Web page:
This weekend I’m cutting the latest version of the propellers (see below). If all goes well I hope to have all four cut by the end of the weekend. I decided to stick with fiberglass for the first set of props since it’s about 4 times cheaper than the Kevlar I was going to use. It’ll be heavier, but weight isn’t an issue yet. The fiberglass should arrive on Wednesday, so doing the layups will be next weekend’s project. After those are done, it won’t be too long until the first test flight!
Also I’ve setup a github account to start sharing the project files at https://github.com/mccloudaero/goliath-quadcopter. I’ll start uploading the design files as I complete them.
2 months ago •
With the frame completed the next step was the exhaust system. Since Goliath is a unique vehicle, there wasn’t any off the shelf products that would work, so a custom exhaust was needed. The engine’s 30HP rating is with the air filter removed and no exhaust, so keeping the back pressure as low as possible was important. The engine has two exhaust ports so a dual exhaust system was built. The exhaust system was started from a exhaust kit and muffler intended for racing go-karts. The most difficult part to find was the right exhaust flange to fit the engine. After spending some time looking around, I decided to try making the exhaust flange out of steel on the CNC Router.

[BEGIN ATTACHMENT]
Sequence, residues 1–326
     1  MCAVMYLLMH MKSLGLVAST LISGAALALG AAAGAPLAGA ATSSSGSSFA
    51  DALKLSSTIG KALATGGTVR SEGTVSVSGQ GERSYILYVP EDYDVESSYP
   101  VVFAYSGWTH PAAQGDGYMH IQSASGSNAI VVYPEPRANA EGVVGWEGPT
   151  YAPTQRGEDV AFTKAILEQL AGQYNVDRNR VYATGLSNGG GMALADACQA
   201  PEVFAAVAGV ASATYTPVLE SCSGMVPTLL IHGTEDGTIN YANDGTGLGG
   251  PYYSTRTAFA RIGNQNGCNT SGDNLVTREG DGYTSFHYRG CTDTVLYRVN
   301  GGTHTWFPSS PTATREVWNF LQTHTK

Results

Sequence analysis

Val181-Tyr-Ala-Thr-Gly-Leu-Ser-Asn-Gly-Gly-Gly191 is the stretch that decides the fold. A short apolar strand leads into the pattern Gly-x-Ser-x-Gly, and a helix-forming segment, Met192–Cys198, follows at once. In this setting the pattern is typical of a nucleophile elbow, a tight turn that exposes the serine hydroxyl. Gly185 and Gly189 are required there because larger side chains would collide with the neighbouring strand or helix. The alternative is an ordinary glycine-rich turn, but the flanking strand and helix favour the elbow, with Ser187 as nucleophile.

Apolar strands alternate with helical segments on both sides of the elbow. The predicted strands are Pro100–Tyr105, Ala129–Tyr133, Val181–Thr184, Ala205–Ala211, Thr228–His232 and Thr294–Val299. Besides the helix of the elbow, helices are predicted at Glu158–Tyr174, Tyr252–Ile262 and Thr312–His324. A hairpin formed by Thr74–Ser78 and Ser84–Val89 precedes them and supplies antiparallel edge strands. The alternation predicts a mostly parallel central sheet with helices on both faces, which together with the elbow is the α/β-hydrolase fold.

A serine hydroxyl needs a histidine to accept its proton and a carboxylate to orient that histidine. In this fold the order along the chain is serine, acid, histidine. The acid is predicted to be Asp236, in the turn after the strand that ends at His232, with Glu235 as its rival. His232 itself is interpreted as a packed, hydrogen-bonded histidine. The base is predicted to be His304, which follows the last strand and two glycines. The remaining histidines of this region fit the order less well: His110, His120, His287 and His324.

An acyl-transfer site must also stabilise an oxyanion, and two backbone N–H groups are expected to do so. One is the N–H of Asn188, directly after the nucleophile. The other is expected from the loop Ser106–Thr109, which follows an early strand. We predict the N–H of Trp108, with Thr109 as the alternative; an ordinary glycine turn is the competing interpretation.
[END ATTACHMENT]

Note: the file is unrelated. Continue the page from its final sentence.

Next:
The CNC router used was a CNC Router Parts 2448. It’s a very beefy router, but it’s not made to be cutting steel, same as most CNC Routers. After doing a bit of research, it seemed that it would be safe enough to attempt cutting the two flanges I needed, as long as the machine went really slow so I don’t put too much stress on the system and used a coated end mill to help keep the temperatures down.